Erlanger Health System’s financial status got some national attention this month when a major financial publication ranked the safety net provider as the 12th most profitable hospital in the country.
The problem is, Erlanger says the ranking is way off.
According to Forbes, Erlanger had an operating profit margin of 29 percent, or about $121 million, for the fiscal year that ended June 30, 2009.
That figure is in stark contrast to the 2.13 percent margin the hospital reported in its audited financial statement, where it listed $10.8 million in net income last year.
Erlanger officials are contesting the hospital’s inclusion in Forbes’ first-ever list of the nation’s 25 most profitable hospitals. In a letter to the magazine last week, Chief Financial Officer Britt Tabor said the ranking is “incomplete — and therefore inaccurate.”
The ranking is based on information compiled by the American Hospital Directory, an online database, which relies on figures that hospitals annually report to the Centers for Medicare and Medicare Services in the “Medicare cost report.”
Erlanger officials said “schedule G” — the section of the Medicare report used by the database — is “obsolete,” and hospitals fill out this section of the report inconsistently.
The 29 percent operating margin is based on the exclusion of nearly $130 million in “home office costs” — corporatewide expenses such as legal services, medical records and patient accounts departments — that should have been counted as part of its total expenses in 2009, officials said.
But most hospitals don’t report home office costs in schedule G. Erlanger stopped reporting those costs in that section in 2008. That means both 2008 and 2009 cost reports show Erlanger had a double-digit operating margin, using data that American Hospital Directory pulled from that section alone.
But Forbes is standing by its rankings. Stripped of corporate “home office” expenses, the data gives a look at an individual hospital’s profit margin based purely on patient operations, independent of systemwide obligations, Forbes reporter David Whelan wrote in a blog.
William Shoemaker, vice president of business services for American Hospital Directory, said that the company’s data is based on figures provided directly by hospitals.
“We make the assumption that hospitals are reporting correct information to Medicare. ... We’re not making adjustments for any peculiarities. We rely on the hospitals to provide reliable and accurate information,” he said.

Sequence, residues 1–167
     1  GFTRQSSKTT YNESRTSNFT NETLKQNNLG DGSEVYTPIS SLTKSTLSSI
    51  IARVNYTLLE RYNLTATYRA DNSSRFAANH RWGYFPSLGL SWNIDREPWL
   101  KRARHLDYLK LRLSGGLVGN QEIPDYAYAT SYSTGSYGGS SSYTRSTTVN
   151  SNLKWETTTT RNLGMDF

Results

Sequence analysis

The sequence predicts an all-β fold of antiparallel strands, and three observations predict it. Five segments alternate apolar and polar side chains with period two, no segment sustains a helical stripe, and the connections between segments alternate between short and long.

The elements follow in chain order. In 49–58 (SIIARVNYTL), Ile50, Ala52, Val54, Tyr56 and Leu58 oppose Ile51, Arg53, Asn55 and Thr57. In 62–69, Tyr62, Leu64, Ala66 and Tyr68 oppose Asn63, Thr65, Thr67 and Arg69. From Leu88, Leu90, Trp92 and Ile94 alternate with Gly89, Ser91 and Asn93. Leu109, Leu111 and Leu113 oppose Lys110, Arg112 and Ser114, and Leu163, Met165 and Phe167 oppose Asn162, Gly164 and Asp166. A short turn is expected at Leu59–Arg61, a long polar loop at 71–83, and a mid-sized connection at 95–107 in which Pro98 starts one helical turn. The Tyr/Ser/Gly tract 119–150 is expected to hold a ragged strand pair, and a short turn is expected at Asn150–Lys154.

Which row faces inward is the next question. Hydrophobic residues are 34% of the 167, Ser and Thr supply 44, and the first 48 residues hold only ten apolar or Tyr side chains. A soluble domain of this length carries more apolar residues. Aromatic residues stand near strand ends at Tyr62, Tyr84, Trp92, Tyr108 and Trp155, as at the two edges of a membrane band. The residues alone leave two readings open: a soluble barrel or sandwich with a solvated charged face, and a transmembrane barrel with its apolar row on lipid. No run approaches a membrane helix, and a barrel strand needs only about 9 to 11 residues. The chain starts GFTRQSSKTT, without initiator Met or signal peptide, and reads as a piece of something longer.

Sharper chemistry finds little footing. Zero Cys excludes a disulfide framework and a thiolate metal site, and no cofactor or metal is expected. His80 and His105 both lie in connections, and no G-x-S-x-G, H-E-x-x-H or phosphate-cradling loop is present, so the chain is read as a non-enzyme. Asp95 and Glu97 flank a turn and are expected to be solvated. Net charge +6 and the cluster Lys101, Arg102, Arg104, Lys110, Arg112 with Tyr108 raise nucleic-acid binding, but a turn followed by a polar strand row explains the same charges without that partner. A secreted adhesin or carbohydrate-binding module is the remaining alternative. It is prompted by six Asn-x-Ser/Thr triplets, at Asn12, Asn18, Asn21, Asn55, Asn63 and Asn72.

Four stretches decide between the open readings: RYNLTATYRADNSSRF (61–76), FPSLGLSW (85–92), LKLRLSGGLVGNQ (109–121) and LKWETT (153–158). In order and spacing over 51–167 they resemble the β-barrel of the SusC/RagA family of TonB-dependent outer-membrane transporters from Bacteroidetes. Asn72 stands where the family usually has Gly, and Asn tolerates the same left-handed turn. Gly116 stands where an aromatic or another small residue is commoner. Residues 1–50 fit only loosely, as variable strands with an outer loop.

Eleven hospitals owned by for-profit hospital chain HCA, which owns Parkridge Health System in Chattanooga, made the top-25 list.
The Nashville-based company issued a statement to Forbes that said, “We believe that good quality is good business. If one looks at the performance of HCA hospitals on the national standard measures of clinical performance as published on CMS Hospital Compare, one would find that HCA is among the very best performing health care providers in the nation.”
* Fiscal year 2010: TBA
* Fiscal year 2009: Profit of $10.8 million
* Fiscal year 2008: Loss of $15.6 million
* Fiscal year 2007: Profit of $15.3 million
Source: Audited financial statements
Health care consultant Michael Millenson of Health Quality Advisors in Highland Park, Ill., said in an e-mail it is “fairly curious” that a safety net hospital, such as Erlanger, would have home office costs that are so high that omitting them skews the figures to such a large extent.
As a safety net hospital, Erlanger absorbs about $80 million in uncompensated care due to patients who can’t pay for their care, bad debt and losses from TennCare, hospital officials say.
Erlanger’s home office costs in 2009 would equal 32 percent of the hospital’s net patient revenues, which were $400 million that year.
David McClure, senior vice president of finance at the Tennessee Hospital Association, said fair comparisons among hospitals are virtually impossible based on Medicare cost reports alone because hospitals report spending differently based on their corporate structures.
For example, hospitals that are part of a multicampus system report their home office expenses separately from daily operating costs included on schedule G, since those systemwide costs can’t be counted for every hospital campus for which the system submits a cost report, he said.
For a stand-alone hospital, those expenses aren’t pulled out because they’re considered part of daily administrative costs and are reflected there. Doing so reduces their reported margin compared to hospitals that are part of a larger parent system, he said.
“If you are a multihospital system, like about 30 percent of the hospitals in this state, you have that cost reflected somewhere else,” he said. “You’re not exactly comparing apples [to apples]. ... I think it’s misleading.”
Whelan noted in a blog entry that most of the facilities included in his search — 1,131 hospitals with 200 or more beds — were part of larger health systems, and the majority did not end up with double-digit operating margins using his methodology. The median operating margin was negative 0.27 percent, he said.
Erlanger hospital officials declined to respond to that point directly. It is “completely irrelevant to the entire discussion,” according to an e-mail from spokeswoman Pat Charles.
Health care reporter Emily Bregel has worked at the Chattanooga Times Free Press since July 2006. She previously covered banking and wrote for the Life section. Emily, a native of Baltimore, Md., earned a bachelor’s degree in American Studies from Columbia University. She received a first-place award for feature writing from the East Tennessee Society of Professional Journalists’ Golden Press Card Contest for a 2009 article about a boy with a congenital heart defect. She ...